This annual event is seen as a prelude to the British Season and this year takes place on 3rd April; it has taken place every year with exception of the two world wars. The course is four-and-a-quarter miles long and is held on the Thames river from Putney Bridge to Mortlake. The sporting event, which lasts around 20 minutes, is a race between two crews: one from Oxford University, referred to as ‘the Dark Blues’; the other from Cambridge University (‘the Light Blues’)..

The event never fails to draw large crowds, often with alumni from both Universities turning up to support their alma mater. Savvy spectators station themselves at rowing clubs along the course, or, the slightly more keen will get on a launch and follow the race for the duration.

Unlike other sporting events in the Season, spectator dress is casual (sometimes very casual) although past and present students of either Oxford of Cambridge University tend to turn up wearing varsity colours.

It is one of those very English occasions where everyone watches, either on the television from their armchair, or cheering on the river banks, whether or not they follow rowing for the rest of the year!  The weather is usually cold and windy, and by the time the boats have lined up the 20 minute race lasts for some considerable time.  Because of that, dress, which is casual (sometimes very casual) needs to take into account warmth and practicality as well as correct form.  We suggest a good warm scarf, blazer and possibly waterproofs, sturdy shoes, and warm layers.  Avoid taking umbrellas so as not to impair the view of your fellow spectators, and do remember to cheer without bawling, and to be a good sport.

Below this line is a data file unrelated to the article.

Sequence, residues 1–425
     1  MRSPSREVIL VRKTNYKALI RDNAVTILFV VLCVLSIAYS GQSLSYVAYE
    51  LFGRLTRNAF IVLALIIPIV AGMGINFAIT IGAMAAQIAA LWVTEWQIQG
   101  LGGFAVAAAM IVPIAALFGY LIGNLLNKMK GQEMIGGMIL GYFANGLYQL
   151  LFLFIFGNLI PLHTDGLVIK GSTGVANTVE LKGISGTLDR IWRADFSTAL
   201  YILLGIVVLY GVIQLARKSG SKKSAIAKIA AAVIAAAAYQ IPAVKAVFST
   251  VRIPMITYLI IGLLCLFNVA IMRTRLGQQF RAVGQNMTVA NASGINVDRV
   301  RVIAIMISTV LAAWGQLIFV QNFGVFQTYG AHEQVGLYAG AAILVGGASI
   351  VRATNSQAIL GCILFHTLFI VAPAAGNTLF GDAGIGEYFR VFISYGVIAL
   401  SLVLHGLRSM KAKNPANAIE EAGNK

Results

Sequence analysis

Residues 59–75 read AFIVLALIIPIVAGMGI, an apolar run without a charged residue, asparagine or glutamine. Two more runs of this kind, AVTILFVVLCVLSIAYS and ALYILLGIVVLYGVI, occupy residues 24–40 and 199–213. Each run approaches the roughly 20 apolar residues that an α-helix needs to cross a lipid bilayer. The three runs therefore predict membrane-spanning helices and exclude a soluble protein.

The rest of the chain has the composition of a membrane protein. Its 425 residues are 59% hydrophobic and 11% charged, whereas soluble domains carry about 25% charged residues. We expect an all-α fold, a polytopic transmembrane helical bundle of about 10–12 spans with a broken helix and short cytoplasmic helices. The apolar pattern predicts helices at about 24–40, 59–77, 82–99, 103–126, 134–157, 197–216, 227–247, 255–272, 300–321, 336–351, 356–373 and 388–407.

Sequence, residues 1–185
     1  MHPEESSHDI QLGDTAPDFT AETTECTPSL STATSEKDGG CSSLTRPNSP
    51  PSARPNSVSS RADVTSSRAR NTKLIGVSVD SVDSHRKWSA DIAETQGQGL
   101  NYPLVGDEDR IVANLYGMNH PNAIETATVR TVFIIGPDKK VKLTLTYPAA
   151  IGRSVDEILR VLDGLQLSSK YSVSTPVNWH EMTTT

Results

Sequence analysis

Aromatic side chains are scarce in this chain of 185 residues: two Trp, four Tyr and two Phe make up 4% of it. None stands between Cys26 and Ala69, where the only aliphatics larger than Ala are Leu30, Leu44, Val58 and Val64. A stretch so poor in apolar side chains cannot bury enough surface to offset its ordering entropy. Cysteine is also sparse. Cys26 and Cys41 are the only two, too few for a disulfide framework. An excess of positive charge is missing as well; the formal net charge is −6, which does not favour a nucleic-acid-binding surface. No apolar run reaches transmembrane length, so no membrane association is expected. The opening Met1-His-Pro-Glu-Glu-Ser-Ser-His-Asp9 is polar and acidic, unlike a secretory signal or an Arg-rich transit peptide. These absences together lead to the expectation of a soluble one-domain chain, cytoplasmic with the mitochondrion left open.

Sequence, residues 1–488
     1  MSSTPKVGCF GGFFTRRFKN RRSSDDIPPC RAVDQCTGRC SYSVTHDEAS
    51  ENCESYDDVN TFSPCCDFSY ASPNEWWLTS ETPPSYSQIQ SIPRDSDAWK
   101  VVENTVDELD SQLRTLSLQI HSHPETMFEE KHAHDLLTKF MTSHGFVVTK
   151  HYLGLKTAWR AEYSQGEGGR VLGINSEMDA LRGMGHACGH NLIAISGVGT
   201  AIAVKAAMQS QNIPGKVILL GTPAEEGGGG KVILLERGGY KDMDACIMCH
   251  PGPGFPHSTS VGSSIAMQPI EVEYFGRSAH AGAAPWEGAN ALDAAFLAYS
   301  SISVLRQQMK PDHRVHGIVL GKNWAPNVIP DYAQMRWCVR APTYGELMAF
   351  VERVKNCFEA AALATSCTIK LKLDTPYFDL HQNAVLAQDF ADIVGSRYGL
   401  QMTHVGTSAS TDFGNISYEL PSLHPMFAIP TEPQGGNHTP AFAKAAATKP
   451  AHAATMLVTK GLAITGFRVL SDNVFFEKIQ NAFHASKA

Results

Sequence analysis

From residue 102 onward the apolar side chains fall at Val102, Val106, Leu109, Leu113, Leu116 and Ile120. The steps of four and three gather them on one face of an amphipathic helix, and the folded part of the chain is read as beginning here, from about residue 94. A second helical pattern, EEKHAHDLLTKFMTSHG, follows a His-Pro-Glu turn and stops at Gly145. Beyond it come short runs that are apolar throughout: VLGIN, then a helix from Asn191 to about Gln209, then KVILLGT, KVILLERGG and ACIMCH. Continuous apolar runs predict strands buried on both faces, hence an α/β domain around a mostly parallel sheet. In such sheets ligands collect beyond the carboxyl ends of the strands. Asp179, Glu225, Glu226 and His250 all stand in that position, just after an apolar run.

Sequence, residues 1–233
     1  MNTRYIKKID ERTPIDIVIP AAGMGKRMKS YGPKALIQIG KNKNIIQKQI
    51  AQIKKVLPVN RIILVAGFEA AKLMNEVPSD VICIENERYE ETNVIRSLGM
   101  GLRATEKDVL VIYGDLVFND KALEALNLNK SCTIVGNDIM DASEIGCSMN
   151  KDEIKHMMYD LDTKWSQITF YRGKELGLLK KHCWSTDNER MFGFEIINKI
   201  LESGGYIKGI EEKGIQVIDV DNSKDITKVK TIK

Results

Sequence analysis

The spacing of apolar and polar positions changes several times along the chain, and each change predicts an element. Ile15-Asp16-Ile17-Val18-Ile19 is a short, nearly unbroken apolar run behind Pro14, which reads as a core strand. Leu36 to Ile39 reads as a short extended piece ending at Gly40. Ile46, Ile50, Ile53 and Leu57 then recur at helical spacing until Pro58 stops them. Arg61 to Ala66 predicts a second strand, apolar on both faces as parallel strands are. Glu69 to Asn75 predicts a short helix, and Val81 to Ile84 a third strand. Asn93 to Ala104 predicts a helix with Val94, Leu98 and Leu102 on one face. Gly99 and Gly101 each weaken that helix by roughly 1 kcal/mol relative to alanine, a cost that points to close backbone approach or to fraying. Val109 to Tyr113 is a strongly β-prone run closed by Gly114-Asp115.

Sporting etiquette is at its peak at this event, with the losing team leading the applause and congratulations for the winning crew.

William Hanson
Tutor, The English Manner

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Protocol for the Formula One Season

Monday, March 15th, 2010

It is the world’s richest, most extravagant sport, but protocol is not be forgotten as the 2010 Formula One season begins in Bahrain this month. Unlike many other sporting events, the Formula One world championship does not take place over a number of days or weeks in one location. Instead, there are 19 Grand Prix in 18 different countries, spanning 5 different continents, each taking place over the course of one weekend at some point between March and November.

The most important detail for spectators to consider when attending a Grand Prix in a foreign country is that the culture, customs and rules of protocol may be different to their native land. For instance, in a devoutly Islamic state such as Abu Dhabi, the everyday rules of etiquette may be completely opposite to what we are used to. It is therefore of the utmost importance that before travelling to a foreign Grand Prix destination, spectators are aware of the customs to which they will be expected to adhere, and should plan their trip suitably. Planning should involve special attention to clothing. Although there is no strict dress code for Grand Prix, both sexes should be wary of showing too much flesh in Islamic countries, even if temperatures are high and such actions would be considered permissible in one’s home country.

More generally, behaviour around the circuit should be tailored to the individual safety requirements of the tracks. All motorsport is potentially dangerous and even spectators are not completely free from danger. For instance, spectators should be wary of standing too close to crash barriers as fatalities have been known when a car collides into a tyre wall and causes high-speed impact with onlookers. Therefore, it is vital that observance and responsibility are displayed at all times.

Formula One is also, understandably, a very noisy event. Earplugs are advisable, and if spectators are planning on using klaxons to show support, it is courteous to ask the permission of any nearby spectators, who may not be prepared for such loud noises at such close proximity.

James Hanson